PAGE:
20 Ahab said to Elijah, “Have you found me, O my enemy?” And he answered, “I have found you, because you have sold yourself to do evil in the sight of the Lord. 21 Behold, I will bring evil upon you, and will utterly sweep you away, and will cut off from Ahab every male, both bond and free in Israel; 22 and I will make your house like the house of Jeroboam the son of Nebat, and like the house of Baasha the son of Ahijah, because of the provocation with which you have provoked Me to anger, and because you have made Israel sin. 23 Of Jezebel also has the Lord spoken, saying, ‘The dogs will eat Jezebel in the district of Jezreel.’ 24 The one belonging to Ahab, who dies in the city, the dogs will eat, and the one who dies in the field the birds of heaven will eat.”

25 Surely there was no one like Ahab who sold himself to do evil in the sight of the Lord, because Jezebel his wife incited him. 26 He acted very abominably in following idols, according to all that the Amorites had done, whom the Lord cast out before the sons of Israel.

27 It came about when Ahab heard these words, that he tore his clothes and put on sackcloth and fasted, and he lay in sackcloth and went about despondently. 28 Then the word of the Lord came to Elijah the Tishbite, saying, 29 “Do you see how Ahab has humbled himself before Me? Because he has humbled himself before Me, I will not bring the evil in his days, but I will bring the evil upon his house in his son’s days.”

2 Kings 1:1 Now Moab rebelled against Israel after the death of Ahab. 2 And Ahaziah fell through the lattice in his upper chamber which was in Samaria, and became ill. So he sent messengers and said to them, “Go, inquire of Baal-zebub, the god of Ekron, whether I will recover from this sickness.” 3 But the angel of the Lord said to Elijah the Tishbite, “Arise, go up to meet the messengers of the king of Samaria and say to them, ‘Is it because there is no God in Israel that you are going to inquire of Baal-zebub, the god of Ekron?’ 4 Now therefore thus says the Lord, ‘You shall not come down from the bed where you have gone up, but you shall surely die.’” Then Elijah departed.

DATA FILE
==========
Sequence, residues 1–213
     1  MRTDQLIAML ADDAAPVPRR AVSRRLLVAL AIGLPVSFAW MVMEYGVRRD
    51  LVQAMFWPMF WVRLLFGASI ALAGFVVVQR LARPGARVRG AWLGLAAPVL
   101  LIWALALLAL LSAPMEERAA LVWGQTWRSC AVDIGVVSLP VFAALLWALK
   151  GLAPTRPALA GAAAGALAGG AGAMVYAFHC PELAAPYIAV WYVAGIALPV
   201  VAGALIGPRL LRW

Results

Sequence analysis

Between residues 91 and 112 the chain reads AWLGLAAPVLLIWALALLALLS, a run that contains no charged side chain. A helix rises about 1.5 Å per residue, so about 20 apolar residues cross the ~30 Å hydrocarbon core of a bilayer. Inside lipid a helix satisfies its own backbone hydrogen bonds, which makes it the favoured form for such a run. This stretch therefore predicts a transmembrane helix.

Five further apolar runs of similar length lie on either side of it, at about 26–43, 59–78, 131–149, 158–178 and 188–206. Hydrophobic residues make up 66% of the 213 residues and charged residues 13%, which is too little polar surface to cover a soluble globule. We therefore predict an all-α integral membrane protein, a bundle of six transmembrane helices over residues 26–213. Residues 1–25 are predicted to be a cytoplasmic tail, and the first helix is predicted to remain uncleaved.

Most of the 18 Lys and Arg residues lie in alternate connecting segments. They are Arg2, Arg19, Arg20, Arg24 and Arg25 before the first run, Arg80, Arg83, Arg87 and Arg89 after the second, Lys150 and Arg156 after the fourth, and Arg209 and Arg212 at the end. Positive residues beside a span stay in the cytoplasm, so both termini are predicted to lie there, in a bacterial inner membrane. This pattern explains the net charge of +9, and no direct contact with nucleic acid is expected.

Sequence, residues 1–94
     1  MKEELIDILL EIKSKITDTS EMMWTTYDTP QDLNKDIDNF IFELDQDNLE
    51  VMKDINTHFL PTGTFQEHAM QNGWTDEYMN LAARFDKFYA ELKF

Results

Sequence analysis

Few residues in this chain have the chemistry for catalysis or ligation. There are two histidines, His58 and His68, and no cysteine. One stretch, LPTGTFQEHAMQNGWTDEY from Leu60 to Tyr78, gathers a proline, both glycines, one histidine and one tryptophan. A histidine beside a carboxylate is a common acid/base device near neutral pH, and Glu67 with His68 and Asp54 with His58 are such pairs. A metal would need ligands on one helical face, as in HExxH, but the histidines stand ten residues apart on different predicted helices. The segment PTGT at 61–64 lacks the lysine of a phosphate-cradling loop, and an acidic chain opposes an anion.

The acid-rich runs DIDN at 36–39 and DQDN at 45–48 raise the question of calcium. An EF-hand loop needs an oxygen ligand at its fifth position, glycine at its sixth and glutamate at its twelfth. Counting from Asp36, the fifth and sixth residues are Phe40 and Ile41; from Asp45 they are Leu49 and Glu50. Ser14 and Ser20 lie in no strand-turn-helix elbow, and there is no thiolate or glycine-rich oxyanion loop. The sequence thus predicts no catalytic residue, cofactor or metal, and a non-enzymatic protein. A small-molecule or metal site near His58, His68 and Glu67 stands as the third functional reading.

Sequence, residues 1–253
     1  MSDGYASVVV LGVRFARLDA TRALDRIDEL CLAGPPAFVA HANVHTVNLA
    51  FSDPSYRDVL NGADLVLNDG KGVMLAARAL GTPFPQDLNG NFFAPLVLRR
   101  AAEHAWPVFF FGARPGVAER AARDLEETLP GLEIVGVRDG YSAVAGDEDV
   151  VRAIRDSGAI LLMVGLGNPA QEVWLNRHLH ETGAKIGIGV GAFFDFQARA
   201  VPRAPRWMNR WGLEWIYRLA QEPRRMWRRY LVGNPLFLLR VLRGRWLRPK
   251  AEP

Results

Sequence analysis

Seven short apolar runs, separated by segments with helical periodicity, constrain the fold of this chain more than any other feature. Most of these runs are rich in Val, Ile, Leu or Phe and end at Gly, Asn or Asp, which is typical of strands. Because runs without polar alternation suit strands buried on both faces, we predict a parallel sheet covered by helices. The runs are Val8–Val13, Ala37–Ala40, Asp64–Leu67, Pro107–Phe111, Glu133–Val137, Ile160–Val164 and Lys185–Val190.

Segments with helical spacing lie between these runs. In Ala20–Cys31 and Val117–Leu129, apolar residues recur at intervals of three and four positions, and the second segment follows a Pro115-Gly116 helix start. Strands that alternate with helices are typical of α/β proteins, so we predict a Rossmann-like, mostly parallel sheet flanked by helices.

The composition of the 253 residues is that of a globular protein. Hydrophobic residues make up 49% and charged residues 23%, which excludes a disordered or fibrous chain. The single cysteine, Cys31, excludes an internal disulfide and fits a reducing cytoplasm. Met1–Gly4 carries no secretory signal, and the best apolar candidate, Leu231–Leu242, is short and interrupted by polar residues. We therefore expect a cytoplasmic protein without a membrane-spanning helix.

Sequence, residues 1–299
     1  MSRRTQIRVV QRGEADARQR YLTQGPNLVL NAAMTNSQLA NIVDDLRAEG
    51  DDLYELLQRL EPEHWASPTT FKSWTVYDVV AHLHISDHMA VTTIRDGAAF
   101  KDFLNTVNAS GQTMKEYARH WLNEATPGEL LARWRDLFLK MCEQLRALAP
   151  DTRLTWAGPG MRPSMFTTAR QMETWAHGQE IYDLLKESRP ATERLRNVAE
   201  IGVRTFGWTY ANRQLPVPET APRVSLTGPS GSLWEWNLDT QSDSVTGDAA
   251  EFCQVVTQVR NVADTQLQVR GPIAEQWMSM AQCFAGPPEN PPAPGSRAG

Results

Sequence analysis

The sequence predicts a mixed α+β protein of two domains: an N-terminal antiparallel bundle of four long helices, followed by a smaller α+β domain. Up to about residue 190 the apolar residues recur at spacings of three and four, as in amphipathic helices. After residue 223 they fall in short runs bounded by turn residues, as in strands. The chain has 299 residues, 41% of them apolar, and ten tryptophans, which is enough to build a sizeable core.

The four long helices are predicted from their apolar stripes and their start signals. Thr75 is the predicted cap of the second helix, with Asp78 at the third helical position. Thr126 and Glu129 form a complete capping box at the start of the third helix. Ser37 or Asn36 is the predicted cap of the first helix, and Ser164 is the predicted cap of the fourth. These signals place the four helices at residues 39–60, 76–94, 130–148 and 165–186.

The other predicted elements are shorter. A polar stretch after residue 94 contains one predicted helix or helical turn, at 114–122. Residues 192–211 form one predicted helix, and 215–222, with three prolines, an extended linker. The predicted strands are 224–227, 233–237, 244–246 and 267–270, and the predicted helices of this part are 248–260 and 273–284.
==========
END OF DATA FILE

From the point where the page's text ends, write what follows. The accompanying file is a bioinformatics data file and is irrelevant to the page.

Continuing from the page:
5 When the messengers returned to him he said to them, “Why have you returned?” 6 They said to him, “A man came up to meet us and said to us, ‘Go, return to the king who sent you and say to him, “Thus says the Lord, ‘Is it because there is no God in Israel that you are sending to inquire of Baal-zebub, the god of Ekron? Therefore you shall not come down from the bed where you have gone up, but shall surely die.’”’” 7 He said to them, “What kind of man was he who came up to meet you and spoke these words to you?” 8 They answered him, “He was a hairy man with a leather girdle bound about his loins.” And he said, “It is Elijah the Tishbite.”

9 Then the king sent to him a captain of fifty with his fifty. And he went up to him, and behold, he was sitting on the top of the hill. And he said to him, “O man of God, the king says, ‘Come down.’” 10 Elijah replied to the captain of fifty, “If I am a man of God, let fire come down from heaven and consume you and your fifty.” Then fire came down from heaven and consumed him and his fifty.

11 So he again sent to him another captain of fifty with his fifty. And he said to him, “O man of God, thus says the king, ‘Come down quickly.’” 12 Elijah replied to them, “If I am a man of God, let fire come down from heaven and consume you and your fifty.” Then the fire of God came down from heaven and consumed him and his fifty.

13 So he again sent the captain of a third fifty with his fifty. When the third captain of fifty went up, he came and bowed down on his knees before Elijah, and begged him and said to him, “O man of God, please let my life and the lives of these fifty servants of yours be precious in your sight. 14 Behold fire came down from heaven and consumed the first two captains of fifty with their fifties; but now let my life be precious in your sight.” 15 The angel of the Lord said to Elijah, “Go down with him; do not be afraid of him.” So he arose and went down with him to the king. 16 Then he said to him, “Thus says the Lord, ‘Because you have sent messengers to inquire of Baal-zebub, the god of Ekron—is it because there is no God in Israel to inquire of His word?—therefore you shall not come down from the bed where you have gone up, but shall surely die.’”

Jehoram Reigns over Israel